Snapping up the chance to do good!
When Jody Frederick isn’t supporting customers in her role as a Lead Technical Writer with OpenText, she’s helping to save turtles right here in R+T Park and all across Southern Ontario
One of the largest tenants in the David Johnston Research + Technology Park is OpenText, Canada’s largest software company and a global leader in enterprise digital transformation projects. Organizations depend on OpenText technologies and expertise to stay ahead of the curve in everything from cybersecurity to supply chain logistics to managing critical infrastructure and energy projects.
OpenText employees get to make a significant impact on a global scale every day. They’re also able to make a difference locally, including helping at-risk wildlife here in the R+T Park.
Jody Frederick is a lead technical writer at OpenText and a volunteer with the Ontario Turtle Conservation Centre (OTCC). The registered charity’s mission is the protection and conservation of Ontario’s native turtles and the habitats they call home. The centre operates a turtle hospital that treats, rehabilitates, and releases injured turtles into the wild. They also conduct research to improve conservation initiatives and offer educational programming.
Frederick and her husband have always had animals around them, including cats, dogs, horses, and birds. At the pandemic’s beginning, Frederick said they were looking for something to do with their time. It was then that they learned about the OTCC.
“We found out about this volunteer opportunity. It sounded really interesting. You get to drive around southwestern Ontario and look for water sources where you can release turtles. Our love for animals pushed us towards it. It really feels like we’re making a difference,” Frederick said.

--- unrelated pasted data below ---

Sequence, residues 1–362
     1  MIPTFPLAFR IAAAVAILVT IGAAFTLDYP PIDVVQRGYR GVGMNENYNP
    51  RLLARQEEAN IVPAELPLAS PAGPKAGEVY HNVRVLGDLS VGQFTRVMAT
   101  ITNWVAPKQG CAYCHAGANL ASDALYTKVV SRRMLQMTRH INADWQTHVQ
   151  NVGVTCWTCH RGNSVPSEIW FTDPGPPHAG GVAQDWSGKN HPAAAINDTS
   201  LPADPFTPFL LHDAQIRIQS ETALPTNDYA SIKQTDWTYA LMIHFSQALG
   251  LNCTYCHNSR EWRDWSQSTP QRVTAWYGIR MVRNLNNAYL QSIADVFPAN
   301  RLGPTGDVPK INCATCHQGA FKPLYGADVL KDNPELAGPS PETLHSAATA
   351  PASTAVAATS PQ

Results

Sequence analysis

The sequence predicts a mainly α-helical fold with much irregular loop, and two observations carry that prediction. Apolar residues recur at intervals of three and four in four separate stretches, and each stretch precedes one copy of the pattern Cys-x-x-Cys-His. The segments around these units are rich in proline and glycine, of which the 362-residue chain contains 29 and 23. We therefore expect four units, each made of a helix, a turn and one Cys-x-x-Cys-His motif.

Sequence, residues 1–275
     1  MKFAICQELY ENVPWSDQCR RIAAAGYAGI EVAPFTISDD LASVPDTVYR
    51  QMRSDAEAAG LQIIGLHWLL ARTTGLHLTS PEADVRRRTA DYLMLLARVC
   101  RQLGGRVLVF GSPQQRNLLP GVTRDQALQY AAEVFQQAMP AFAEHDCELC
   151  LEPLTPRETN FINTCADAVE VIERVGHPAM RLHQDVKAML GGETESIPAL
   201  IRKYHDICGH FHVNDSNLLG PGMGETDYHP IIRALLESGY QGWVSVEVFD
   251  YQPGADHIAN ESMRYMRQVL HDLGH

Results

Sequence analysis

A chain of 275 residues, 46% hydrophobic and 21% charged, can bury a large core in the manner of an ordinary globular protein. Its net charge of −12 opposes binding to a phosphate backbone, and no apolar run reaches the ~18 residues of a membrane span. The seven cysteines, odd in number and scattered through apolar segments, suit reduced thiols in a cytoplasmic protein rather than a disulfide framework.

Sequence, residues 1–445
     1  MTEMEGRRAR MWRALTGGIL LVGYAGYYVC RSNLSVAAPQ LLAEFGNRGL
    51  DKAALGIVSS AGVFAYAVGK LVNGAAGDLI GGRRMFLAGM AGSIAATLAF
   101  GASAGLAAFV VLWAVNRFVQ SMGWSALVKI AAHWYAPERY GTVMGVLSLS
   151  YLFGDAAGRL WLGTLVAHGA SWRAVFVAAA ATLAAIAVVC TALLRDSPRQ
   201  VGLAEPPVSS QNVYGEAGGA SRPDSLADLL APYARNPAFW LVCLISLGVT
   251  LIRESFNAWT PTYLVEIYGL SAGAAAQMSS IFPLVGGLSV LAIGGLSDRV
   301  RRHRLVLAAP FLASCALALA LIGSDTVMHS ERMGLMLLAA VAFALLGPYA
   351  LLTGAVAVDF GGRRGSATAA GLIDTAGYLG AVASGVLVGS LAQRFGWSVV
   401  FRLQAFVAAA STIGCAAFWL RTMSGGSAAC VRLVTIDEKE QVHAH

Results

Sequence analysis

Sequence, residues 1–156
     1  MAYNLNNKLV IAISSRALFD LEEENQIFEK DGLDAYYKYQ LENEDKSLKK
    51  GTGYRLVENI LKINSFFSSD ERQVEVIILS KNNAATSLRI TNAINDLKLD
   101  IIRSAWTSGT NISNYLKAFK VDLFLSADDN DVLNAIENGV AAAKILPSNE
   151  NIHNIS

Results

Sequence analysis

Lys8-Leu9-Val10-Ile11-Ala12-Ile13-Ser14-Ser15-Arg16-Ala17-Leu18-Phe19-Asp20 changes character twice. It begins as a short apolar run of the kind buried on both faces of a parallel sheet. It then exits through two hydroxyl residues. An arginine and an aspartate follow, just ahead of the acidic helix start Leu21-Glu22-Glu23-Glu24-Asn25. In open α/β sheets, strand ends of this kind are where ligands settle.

Their first volunteer position was with the centre’s Turtle Taxi program. Volunteers are tasked with bringing injured turtles to the centre for treatment in their hospital, where they are rehabilitated before being returned to their home water source. Frederick said that as cities expand and wetlands are developed, turtles lose their natural habitat and face threats from crossing roads.
“Turtles need to cross roads. Not because they want to, but because we put roads through where they live. They’re really vulnerable on the roads and a lot of them are getting hit by cars. People do not mean to hit them, it’s just that they’re so small,” Frederick said.
Turtles are critical to the ecosystems they inhabit, most notably within wetland areas. Canada has 25% of the world’s wetland area, but 70% has been developed. When turtles are lost, the wetlands they live in become less ecologically stable. Our wetlands are essential for safe water supplies, erosion prevention, and flood control.
The centre’s staff, including executive director and Chief Medical Officer, Dr. Sue Carstairs, have developed new processes and tools to rehabilitate turtles injured by drivers or construction.